Magic Square Update-2009
Dr. Robert Dickter (DDS) announced in an email of Aug. 18, 2009 a series of magic squares with identical features to the order-3. He referred to them as Luo Shu format squares and shows a number of examples on his new website at www.luo-shu.com
Here I show the
Luo Shu and 3 examples followed by their common features. These magic squares
are easy to construct using a modified de la Loubére method.
Some relationships between key numbers in all Luo Shu format magic squares.
‘a’ and ‘b’ are two consecutive numbers whose sum equals the order of the square. 'a' always appears in the bottom row, 2nd cell from the right. 'b' always appears in the top right hand corner.
'y' is always the center cell. 'x' is adjacent to the left of 'y', and the 3rd member of the triad (y-1) is adjacent and above 'x'. The product of x and y equals the constant of the magic square, while x2 times y gives the total of all integers in the square. These 3 cells always form a pythagorean triad in a Luo Shu format square. They are indicated in red in the illustrations.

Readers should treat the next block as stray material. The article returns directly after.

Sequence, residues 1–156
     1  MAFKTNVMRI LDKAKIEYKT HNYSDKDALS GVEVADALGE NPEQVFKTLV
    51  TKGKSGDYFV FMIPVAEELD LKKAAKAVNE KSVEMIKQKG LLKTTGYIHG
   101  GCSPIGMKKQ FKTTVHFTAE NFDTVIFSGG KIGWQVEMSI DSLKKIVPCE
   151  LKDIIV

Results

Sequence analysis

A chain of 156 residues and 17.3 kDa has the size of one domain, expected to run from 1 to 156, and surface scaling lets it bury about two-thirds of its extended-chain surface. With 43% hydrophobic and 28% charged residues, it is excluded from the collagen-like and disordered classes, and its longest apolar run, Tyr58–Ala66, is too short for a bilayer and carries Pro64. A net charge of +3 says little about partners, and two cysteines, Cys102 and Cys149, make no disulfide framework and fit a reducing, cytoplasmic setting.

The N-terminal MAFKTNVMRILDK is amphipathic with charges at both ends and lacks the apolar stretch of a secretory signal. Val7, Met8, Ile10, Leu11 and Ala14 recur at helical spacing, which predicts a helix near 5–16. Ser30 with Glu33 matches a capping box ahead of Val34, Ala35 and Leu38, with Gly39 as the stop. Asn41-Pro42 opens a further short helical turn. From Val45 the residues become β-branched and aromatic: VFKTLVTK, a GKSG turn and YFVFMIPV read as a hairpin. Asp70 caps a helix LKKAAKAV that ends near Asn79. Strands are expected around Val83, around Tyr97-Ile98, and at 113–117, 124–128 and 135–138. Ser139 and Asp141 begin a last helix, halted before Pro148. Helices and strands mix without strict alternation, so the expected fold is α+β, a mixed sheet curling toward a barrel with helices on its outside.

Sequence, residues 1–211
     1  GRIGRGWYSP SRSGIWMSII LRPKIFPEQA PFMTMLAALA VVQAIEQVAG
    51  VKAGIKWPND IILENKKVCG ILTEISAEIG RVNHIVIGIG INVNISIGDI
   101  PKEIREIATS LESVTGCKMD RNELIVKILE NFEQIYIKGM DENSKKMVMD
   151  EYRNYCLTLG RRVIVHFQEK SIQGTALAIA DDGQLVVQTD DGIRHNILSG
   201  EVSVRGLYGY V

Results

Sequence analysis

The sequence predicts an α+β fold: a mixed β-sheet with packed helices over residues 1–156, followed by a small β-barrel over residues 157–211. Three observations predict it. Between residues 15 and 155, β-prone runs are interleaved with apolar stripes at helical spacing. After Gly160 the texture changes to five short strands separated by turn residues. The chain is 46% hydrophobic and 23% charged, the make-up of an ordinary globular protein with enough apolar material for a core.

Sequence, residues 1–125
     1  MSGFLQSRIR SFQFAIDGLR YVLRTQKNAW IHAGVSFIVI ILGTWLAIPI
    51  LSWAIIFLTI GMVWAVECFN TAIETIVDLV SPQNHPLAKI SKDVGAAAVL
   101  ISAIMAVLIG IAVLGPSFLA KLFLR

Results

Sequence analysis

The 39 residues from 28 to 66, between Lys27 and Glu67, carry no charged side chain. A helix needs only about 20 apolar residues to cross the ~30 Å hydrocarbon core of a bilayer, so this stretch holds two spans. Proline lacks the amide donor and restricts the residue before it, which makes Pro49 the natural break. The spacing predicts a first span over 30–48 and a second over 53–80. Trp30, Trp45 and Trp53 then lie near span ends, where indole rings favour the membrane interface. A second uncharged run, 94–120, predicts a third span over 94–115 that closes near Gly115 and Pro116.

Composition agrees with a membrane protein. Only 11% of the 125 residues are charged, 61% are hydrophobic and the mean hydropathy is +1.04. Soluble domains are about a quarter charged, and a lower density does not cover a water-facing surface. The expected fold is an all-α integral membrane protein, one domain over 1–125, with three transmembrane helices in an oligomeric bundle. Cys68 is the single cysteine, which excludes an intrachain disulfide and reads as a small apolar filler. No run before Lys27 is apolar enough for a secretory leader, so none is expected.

order 9, the pythagorean triplet associated with the next higher order also
appears in the square in the position shown with green numbers.
In August, 2008, I posted an article about Craig Knecht’s Topographical
The basic premise is that the ‘height’ of each cell is based on the value of the integer in that cell. Then cells that are lower then the surrounding cells may contain ‘water’. Please refer to  or  for a complete description of topographical magic squares.
I suppose, to be consistent, we must say that figure 1(A) contains 2 ‘lakes’ of 2 cells each, and 1 ‘pond’ and (C) contains 1 lake and 1 pond. This follows from the fact that the basic definition states that no water can flow diagonally between cells.
Walter Trump has found an order-7 with 1 lake containing 365 units, and another order-7 with a lake and a pond that contains a total of 378 units. Are these the maximums for order-7 magic squares?
E. This is a number (not magic) square. (Disregard the fainter numbers. They are just inserted to complete the square.) The lake and the 2 ponds together retain 488 units of water. This is the maximum possible for an order-7 number square with numbers 1 to m2. 
Still More Magic